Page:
Could Sherlock Holmes Have Been a Good Geologist?/Conclusions and Recommendations

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Given the importance of a correct observation for the verification of an hypothesis and for the development of the scientific ideas, it is necessary to pay attention to the collection and conservation of the primary documentation.

Before beginning an observation, it is very useful to have an idea or objective defined. This will allow us to verify the accuracy or incongruity of our initial hypothesis, with only some key observations. Also is important to remember that the observation must be selective and interpretive, to become scientific.

Don't "tie" yourself to a hypothesis. It is the hypothesis which must adapt to the facts and not the other way around.

Since observations by themselves are almost never a source of sure and univocal information, it is always advisable to process statistically the obtained results. The calculations proposed in this paper are usually sufficient for the preliminary elaboration of any assemblage of geological measurements.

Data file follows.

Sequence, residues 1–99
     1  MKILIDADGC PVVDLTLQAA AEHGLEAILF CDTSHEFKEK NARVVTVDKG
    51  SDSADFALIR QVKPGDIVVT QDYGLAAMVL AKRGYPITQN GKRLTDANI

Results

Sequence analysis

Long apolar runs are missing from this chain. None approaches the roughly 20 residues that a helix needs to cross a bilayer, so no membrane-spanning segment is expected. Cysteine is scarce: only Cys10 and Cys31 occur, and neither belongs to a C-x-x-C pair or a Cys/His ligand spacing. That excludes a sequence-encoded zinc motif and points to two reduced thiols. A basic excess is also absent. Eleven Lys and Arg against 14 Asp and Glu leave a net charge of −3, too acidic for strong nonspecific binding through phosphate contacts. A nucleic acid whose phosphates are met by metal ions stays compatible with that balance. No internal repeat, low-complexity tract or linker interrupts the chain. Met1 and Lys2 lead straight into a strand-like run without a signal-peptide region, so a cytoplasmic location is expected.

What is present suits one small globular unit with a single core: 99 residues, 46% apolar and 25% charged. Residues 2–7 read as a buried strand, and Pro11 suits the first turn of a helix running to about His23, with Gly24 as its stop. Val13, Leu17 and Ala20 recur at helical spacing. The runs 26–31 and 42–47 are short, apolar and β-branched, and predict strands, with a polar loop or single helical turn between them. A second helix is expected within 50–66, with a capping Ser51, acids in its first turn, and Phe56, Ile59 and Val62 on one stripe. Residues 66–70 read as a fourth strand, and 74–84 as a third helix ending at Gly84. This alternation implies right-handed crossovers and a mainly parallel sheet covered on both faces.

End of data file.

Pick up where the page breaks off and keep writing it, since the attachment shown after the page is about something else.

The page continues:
The practical application of these recommendations, plus a constant search of improvement based in the comparison and the critic analysis of previous observations (you’re own or someone else's) will soon allow you to improve the quality of your observations.

As for the codification of the information, it is recommended chiefly when the studied system is well known and when the observations are accomplished only at independent points, and we assume that among both points does not exist meaningful differences. If so, we recommend establishing a codification system to save time and to increase the interpretive quality of the observations. We are sure that Sherlock Holmes has done it in that way... if he has been a geologist!!!